LONDON: With confidence growing that a recovery is just around the corner in the UK, divisions are hardening at the Bank of England (BOE) over how the economy will unfold.
Those splits were on display in a series of appearances by members of the Monetary Policy Committee (MPC) this week. They pit BOE Chief Economist Andy Haldane, who believes Britain is set for a rapid recovery, against officials including Silvana Tenreyro who say another jolt of stimulus may yet be needed, report agencies.“Who’s right? It’s too early to say,” Sanjay Raja, an economist at Deutsche Bank, wrote in a note to clients. “We won’t know the answer until we’re deeper into the recovery. We should get a real sense of both the scale and scope of the recovery by the fourth quarter.”
The divergence reflects the huge uncertainty facing an economy emerging from its deepest slump in over 300 years. Optimism that the worst is past and that policy makers may soon turn to controlling inflation sent bond prices plunging in recent weeks, lifting the yield on gilts past where they were a year ago when the pandemic started. This week’s debate took the edge off some of those gains.
Hanging over the outlook are doubts about whether Prime Minister Boris Johnson’s government can stick to its ambitious goal of immunising almost all adults by the middle of the year.
While ministers are set to loosen pandemic restrictions, a dispute with the European Union and AstraZeneca over shipments of the vaccine threaten to slow the programme.
“Despite lessening downside risks, there also remain a number of scenarios that I would anticipate requiring looser policy later this year,” Ms Tenreyro, an external member of the BOE’s rate-setting panel, said in a speech to the US Federal Reserve Bank in San Francisco on Friday.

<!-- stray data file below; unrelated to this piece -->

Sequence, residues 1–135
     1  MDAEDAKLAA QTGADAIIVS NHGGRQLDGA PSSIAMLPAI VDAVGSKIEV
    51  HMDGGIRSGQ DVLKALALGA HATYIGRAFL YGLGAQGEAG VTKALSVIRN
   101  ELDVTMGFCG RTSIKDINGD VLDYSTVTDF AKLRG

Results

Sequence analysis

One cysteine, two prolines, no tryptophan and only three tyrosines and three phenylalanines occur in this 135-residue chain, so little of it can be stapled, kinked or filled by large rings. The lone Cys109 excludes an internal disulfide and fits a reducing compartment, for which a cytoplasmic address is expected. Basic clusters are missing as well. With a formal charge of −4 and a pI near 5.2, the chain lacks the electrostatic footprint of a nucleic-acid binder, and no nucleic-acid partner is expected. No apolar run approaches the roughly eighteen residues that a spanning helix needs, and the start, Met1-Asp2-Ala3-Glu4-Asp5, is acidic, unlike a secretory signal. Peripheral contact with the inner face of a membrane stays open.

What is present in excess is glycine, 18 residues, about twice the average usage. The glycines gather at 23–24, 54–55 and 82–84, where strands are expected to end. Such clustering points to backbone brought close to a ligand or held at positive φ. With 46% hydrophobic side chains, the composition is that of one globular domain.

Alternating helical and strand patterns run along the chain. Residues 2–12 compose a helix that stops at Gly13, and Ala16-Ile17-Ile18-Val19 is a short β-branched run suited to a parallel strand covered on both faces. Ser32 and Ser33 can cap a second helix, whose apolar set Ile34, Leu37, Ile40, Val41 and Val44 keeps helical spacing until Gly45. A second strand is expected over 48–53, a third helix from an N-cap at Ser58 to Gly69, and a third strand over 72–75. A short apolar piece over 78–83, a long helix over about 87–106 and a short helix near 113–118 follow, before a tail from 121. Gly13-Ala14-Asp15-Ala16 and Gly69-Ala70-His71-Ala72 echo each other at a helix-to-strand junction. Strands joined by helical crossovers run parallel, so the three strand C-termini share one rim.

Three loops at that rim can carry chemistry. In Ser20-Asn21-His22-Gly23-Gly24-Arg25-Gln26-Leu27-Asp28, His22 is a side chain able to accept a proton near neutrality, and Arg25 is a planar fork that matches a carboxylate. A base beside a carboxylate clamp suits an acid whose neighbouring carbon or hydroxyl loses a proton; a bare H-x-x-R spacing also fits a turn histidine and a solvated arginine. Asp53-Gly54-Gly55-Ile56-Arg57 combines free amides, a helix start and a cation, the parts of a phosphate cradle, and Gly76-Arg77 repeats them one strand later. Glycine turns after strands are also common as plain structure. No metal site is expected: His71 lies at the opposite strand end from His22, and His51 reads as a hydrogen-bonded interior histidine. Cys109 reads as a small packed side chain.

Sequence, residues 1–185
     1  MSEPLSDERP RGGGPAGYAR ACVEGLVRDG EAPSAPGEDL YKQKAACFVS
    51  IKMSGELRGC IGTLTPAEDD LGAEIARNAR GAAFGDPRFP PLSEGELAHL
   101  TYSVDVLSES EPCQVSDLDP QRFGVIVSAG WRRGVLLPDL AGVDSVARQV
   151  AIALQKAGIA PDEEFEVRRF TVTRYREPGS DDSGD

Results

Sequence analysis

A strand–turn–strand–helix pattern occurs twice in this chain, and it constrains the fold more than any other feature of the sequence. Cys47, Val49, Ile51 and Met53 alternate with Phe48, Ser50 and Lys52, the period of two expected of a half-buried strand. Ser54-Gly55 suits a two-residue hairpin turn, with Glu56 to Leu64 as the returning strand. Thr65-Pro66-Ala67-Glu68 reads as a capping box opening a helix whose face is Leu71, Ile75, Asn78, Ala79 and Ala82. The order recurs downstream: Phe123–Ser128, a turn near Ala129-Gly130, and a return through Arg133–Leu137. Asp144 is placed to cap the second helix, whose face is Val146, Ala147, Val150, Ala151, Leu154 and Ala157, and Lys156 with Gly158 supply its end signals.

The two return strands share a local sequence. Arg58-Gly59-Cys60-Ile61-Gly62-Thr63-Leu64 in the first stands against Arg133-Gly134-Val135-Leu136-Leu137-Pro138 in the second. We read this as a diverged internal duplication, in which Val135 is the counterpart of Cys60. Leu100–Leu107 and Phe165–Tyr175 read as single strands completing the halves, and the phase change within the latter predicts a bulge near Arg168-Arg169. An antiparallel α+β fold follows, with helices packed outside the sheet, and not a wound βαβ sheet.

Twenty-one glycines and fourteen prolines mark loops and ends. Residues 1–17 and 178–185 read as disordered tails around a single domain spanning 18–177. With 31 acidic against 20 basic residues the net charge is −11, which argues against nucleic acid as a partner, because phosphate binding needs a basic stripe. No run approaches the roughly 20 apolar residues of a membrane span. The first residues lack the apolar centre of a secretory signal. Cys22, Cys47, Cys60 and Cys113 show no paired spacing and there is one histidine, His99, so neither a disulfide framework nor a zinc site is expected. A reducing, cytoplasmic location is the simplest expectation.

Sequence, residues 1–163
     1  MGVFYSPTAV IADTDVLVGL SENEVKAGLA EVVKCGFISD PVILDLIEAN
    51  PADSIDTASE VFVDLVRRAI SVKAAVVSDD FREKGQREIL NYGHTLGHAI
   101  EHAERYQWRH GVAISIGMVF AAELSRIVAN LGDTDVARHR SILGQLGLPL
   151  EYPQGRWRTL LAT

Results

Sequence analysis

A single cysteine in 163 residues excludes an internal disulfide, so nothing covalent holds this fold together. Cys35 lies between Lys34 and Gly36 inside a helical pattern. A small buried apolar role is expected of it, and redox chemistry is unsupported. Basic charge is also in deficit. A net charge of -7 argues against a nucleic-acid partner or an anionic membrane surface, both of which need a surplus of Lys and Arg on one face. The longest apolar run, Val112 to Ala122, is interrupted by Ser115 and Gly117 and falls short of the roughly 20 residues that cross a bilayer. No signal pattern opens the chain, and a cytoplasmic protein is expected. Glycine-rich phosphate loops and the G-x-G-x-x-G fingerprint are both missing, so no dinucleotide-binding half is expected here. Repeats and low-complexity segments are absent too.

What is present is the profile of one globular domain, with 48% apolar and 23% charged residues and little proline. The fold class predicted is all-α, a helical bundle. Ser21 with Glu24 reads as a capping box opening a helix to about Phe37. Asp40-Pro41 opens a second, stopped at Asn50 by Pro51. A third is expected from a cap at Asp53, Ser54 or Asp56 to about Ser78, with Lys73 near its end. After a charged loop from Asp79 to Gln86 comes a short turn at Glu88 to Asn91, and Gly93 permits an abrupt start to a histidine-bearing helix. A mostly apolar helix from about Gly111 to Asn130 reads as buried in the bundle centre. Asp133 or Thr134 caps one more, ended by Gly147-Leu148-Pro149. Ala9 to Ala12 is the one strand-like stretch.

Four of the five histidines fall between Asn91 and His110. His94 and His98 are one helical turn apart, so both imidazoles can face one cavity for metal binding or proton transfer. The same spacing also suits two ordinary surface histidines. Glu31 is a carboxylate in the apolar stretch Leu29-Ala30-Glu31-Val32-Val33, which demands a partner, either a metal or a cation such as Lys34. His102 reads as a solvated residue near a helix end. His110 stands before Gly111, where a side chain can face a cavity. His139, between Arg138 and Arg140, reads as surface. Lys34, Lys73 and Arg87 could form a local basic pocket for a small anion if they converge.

That remark contrasted with Mr Haldane’s hopes of a “rip-roaring recovery” when he spoke to ITV earlier in the week.Others on the MPC highlighted reasons to wait before acting. Michael Saunders said working from home and online shopping may have given the UK a dose of additional productive capacity, suggesting the economy can grow longer without reviving inflation. He said he’d need to see a sustained rise in prices before voting to tighten policy.
“There’s clearly pent-up demand and a bigger boost will come when restrictions are eased further. Consumer spending will also benefit once the closure of the hospitality and leisure sector ends,” said Dan Hanson of Bloomberg Economics.
The latest government data show little threat of inflation taking off, despite a forecast from the central bank that the 2 per cent goal will be reached later this year. Consumer prices rose a smaller-than-forecast 0.4 per cent in February from a year earlier, extending a 1 ½-year stretch below target.
Mr Saunders said he put more weight on unemployment figures as a gage of the excess slack in the economy than inflation, noting that a rebound won’t be seen as sustainable so long as the jobless rate is above 5 per cent - the level prevailing in the quarter through January.